The Yemeni army backed by local fighters seized control of parts of Aden held by al-Qaeda Wednesday as part of a push to clear the hardline group from its stronghold in the southern port city. The forces took over the central prison, surrounding buildings, and residential areas in Mansoura district after three days of clashes. They captured several fighters while others fled. Elsewhere, the Yemeni army launched offensives against Houthi militants in Safra, between Mareb and Jawf, and imposed a blockade. [Reuters, Al Masdar, 3/30/2016]

Bahrain court jails ten over police attack
Bahrain Tuesday sentenced four people to life in prison and six others for up to 15 years for attacking police during a protest in a Shia village, the prosecution said. The ten defendants were found guilty of engaging in “terrorist plots,” detonating explosives, and resisting police, the kingdom’s public prosecution said in a statement. “Four were sentenced to life in prison, while the remaining defendants were jailed between three to 15 years,” it said. The defendants were charged with detonating a roadside bomb when a police patrol passed through the village of Akr, south of Manama, in April 2014. [AFP, 3/29/2016]

UAE sending aid to Libya’s Benghazi
The United Arab Emirates is transporting humanitarian aid to residents in the war-torn Libyan city of Benghazi, the Emirates Red Crescent announced on Wednesday. The first of nine aircraft carrying food, medicine, medical supplies, and other materials departed this week to Benghazi, the aid organization said in a statement. [AFP, 3/30/2016]


IMF says Iraq could secure three-year standby deal by June
The International Monetary Fund (IMF) could approve as early as June a standby arrangement (SBA) with Iraq that would provide $15 billion in international assistance over the next three years. Following talks with Iraqi Finance Minister Hoshiyar Zebari in Jordan, the head of the IMF’s Iraq mission Christian Josz said the assistance package, of which about one-third would come from the IMF and the rest from international groups and donor countries, would be in line for approval if talks with Iraq go well next month. Iraq could get as much as $3.9 billion from the IMF over the course of three years, with $1.9 billion disbursed in 2016, Josz said. He added that additional financial assistance could come from several sources including the IMF, the World Bank, Gulf states, the United States, and other G7 countries. Josz said the main challenge of the SBA would be gradually to bring spending into line with revenues so that Iraq could stabilize debt at 75 percent of gross domestic product by 2020. [Reuters, 3/29/2016]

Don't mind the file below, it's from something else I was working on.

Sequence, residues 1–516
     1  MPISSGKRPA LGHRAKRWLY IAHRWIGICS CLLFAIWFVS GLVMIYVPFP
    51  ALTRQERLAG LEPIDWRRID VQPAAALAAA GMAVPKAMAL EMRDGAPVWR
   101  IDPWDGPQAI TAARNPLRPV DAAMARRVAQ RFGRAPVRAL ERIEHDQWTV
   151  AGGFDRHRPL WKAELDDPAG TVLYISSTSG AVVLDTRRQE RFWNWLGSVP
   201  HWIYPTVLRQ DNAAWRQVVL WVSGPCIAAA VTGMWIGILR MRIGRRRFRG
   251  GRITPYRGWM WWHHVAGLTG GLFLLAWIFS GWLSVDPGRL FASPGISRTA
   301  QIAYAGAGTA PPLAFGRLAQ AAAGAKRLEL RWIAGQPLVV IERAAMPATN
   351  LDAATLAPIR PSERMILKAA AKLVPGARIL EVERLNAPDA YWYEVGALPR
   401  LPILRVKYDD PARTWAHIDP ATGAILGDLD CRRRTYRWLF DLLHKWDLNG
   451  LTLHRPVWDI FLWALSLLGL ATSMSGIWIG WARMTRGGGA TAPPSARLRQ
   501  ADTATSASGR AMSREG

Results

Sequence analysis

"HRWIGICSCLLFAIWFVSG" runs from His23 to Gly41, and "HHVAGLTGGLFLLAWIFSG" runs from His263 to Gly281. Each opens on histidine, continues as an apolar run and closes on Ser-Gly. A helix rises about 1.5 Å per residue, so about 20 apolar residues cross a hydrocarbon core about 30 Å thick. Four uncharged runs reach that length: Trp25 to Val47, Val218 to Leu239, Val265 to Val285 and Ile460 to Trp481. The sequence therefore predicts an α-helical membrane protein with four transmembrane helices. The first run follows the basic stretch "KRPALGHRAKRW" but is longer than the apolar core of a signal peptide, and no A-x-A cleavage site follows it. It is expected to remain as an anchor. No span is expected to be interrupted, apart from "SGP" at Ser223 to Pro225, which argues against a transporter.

Oil producers to take part in Doha’s April meeting
Qatar has invited all members of the Organization of the Petroleum Exporting Countries (OPEC) and major oil producers from outside the exporting group to attend talks on April 17 on a deal to freeze output at January levels. “The need has become an urgent matter to bring back balance to the market and recovery to the global economy,” Qatar’s Energy Ministry said in an invitation letter. The ministry said that around 15 OPEC and non-OPEC producers, accounting for about 73 percent of global oil output, are supporting the initiative. Meanwhile, UAE Undersecretary of Energy Matar al-Neyadi confirmed that Energy Minister Suhail al-Mazrouei would attend the meeting. For its part, Iran expects to attend the meeting but will not take part in negotiations for a production freeze. “An invitation has been extended … We support it but it doesn’t mean we will join in the freeze talks,” a source said. [Reuters, 3/30/30216]

Saudi’s Savola says EBRD will invest $100 million in Egypt subsidiary
Saudi Arabia’s largest food products company, Savola Group, said Tuesday that the European Bank for Reconstruction and Development (EBRD) will invest $100 million in one of its indirect subsidiaries in Egypt. The investment in United Sugar Company of Egypt (USCE) will include a fresh injection of $50 million, as well as the conversion of existing debt of $50 million to equity. The deal will bolster the USCE balance sheet and help it cope with Egypt’s economic challenges, a statement said. Savola said that under its deal the share capital of USCE will be increased and new shares will be issued to the EBRD. [Reuters, 3/29/2016]

Bahrain’s Nogaholding secures $570 million Islamic loan
Bahrain’s oil investment company Nogaholding will obtain a five-year $570 million Islamic loan to pay for expansion projects. The funding will support investment in projects including the BAPCO Modernization Program, a liquefied natural gas import terminal, and the Bahrain Gas Plant Project. The loan will be provided by 10 international, regional, and local institutions, including the Arab Banking Corp, Ahli United Bank, National Bank of Bahrain, BNP Paribas, and HSBC. “This is an investment in the future and highlights our continued efforts to grow the Kingdom of Bahrain’s oil and gas assets,” CEO of Nogaholding Mohamed bin Khalifa Al Khalifa said. [Reuters, Bloomberg, 3/30/2016]